But Limon has reached another important milestone this month: he has nominated three new assistant chiefs from within the department to help shoulder the burden of leading the chaotic department.

With a new team at his side, Limon has addressed or begun to respond to all four major criticisms from the community dialogues, and he said he believes he has made strides towards meeting the mayor’s initial goals.

Limon said that he has been working on increasing the NHPD’s task-force operations in order to gain the assistance of federal agencies in a variety of investigative capacities. This practice has come to the forefront of media attention when successful partnerships with the FBI led to the March 5 capture of the alleged “East Coast Rapist,” and several major drug busts since November. These partnerships increase NHPD accountability and cut costs for the department.

But even here, Limon faces criticism. Although the multi-department partnerships may make for good press, Cavaliere said, but they violate the union’s right to be in charge of its own geographic domain, adding that the union has filed a complaint about the partnerships.

In 2010, New Haven saw 24 homicides, and only three had been solved when Limon was sworn in. Since then, the department made arrests in 10 more homicides in 2010. Additionally, the Investigations Division has solved four of 10 incidents this year, and two of the most recent murders have “solid leads,” according to Limon. The newly minted Cold Case Unit, which Limon installed, also solved its first case in April.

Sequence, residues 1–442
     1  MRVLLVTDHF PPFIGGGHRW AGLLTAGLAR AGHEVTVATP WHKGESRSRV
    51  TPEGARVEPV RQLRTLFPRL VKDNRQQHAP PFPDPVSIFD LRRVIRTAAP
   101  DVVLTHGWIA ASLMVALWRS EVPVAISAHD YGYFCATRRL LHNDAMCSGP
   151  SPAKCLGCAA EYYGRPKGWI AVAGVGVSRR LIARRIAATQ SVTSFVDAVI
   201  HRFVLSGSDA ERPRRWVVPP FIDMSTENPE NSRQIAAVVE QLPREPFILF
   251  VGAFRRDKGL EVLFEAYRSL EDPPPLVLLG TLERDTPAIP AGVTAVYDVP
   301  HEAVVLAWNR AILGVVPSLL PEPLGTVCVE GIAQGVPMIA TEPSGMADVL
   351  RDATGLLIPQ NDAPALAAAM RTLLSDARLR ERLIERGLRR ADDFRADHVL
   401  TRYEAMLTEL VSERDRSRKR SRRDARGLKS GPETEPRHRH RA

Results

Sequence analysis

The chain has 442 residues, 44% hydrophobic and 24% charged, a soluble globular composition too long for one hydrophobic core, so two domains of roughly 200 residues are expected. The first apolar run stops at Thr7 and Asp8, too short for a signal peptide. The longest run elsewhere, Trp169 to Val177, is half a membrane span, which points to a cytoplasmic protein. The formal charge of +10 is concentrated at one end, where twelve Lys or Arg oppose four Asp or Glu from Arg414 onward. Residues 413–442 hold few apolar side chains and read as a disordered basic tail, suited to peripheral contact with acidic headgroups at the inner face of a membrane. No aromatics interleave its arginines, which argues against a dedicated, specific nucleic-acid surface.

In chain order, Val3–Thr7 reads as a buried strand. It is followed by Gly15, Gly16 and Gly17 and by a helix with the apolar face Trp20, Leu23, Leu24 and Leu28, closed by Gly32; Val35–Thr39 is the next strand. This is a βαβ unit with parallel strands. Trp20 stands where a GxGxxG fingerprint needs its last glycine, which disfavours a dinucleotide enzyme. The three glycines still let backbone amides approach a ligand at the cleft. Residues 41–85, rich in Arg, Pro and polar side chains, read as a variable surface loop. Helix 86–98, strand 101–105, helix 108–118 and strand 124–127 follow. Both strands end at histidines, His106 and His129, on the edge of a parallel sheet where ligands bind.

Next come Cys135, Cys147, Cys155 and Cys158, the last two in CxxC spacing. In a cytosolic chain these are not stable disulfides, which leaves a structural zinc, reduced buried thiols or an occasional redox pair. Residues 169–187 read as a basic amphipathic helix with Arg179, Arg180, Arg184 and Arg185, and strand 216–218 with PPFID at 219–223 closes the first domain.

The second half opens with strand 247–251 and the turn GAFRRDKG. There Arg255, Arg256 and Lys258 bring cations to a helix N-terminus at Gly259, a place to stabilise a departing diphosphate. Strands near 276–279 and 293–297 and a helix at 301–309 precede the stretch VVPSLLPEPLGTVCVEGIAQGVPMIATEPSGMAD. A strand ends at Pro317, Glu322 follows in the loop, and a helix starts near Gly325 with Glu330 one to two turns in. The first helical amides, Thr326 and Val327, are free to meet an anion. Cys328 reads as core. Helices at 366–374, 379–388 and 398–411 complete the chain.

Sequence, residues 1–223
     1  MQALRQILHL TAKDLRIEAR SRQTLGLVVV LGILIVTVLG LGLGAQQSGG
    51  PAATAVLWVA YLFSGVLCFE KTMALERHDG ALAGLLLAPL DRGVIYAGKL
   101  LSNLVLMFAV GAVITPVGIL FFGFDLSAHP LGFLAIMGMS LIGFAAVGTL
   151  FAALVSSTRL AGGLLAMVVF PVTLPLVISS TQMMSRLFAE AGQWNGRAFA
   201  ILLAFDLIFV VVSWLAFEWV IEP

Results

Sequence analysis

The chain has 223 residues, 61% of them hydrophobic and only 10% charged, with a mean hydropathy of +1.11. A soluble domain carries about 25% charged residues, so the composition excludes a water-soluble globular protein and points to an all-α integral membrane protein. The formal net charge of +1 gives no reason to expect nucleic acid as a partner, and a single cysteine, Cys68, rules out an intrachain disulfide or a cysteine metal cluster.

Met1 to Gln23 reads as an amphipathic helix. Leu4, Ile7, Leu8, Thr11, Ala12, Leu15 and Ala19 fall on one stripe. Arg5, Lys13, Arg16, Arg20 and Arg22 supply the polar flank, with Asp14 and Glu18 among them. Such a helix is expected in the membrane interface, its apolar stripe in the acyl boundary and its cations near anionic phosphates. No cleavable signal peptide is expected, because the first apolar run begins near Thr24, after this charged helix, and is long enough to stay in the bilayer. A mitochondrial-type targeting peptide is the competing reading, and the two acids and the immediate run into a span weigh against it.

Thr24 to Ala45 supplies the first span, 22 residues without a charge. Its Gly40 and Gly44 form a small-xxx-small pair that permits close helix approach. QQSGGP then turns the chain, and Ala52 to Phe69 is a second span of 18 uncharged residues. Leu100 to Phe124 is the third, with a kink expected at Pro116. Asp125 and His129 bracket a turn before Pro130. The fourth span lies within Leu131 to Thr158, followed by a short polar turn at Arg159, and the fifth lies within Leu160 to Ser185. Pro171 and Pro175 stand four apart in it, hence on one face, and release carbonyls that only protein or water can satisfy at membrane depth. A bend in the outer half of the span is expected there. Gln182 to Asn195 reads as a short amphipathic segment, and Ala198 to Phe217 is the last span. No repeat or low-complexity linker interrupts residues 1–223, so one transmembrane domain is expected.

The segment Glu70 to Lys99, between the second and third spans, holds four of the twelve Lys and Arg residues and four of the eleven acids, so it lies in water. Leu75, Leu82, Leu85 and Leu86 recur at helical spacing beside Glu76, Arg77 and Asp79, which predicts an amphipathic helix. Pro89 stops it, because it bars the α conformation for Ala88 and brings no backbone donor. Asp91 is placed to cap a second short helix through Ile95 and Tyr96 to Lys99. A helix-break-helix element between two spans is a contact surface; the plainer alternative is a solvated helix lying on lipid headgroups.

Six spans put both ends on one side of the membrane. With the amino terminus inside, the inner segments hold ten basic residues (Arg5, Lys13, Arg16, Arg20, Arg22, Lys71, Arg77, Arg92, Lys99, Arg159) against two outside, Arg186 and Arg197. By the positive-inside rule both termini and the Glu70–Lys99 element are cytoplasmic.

Limon said he considers this track record a personal success.

“He seems to be a pleasant person to work with, but we’ve probably got one of the worst years ever going now,” Cavaliere said. “From what I’ve heard, the public isn’t any happier in their neighborhoods. Crime may be down a percentage point or two, but the communities are of course not safer.”

But with one year of turmoil and tenuous progress behind him, Limon said he is looking forward to his second year as chief.

“We’re moving in the right direction now,” Limon said. “When [the public and the other officers] see the things we’re changing, there will be a turnaround in the level of public confidence and morale.”

But regardless of Limon’s plans, successes and failures, New Haven, its police department, its crime problem and its neighborhoods remain complex and ever-shifting; few expect one man, even the police chief, to save or doom the city. And even his strongest supporters say that Limon is grappling with problems that will outlast his tenure.

“The chief has done a good job, but we still have a ways to go as a community,” DeStefano said.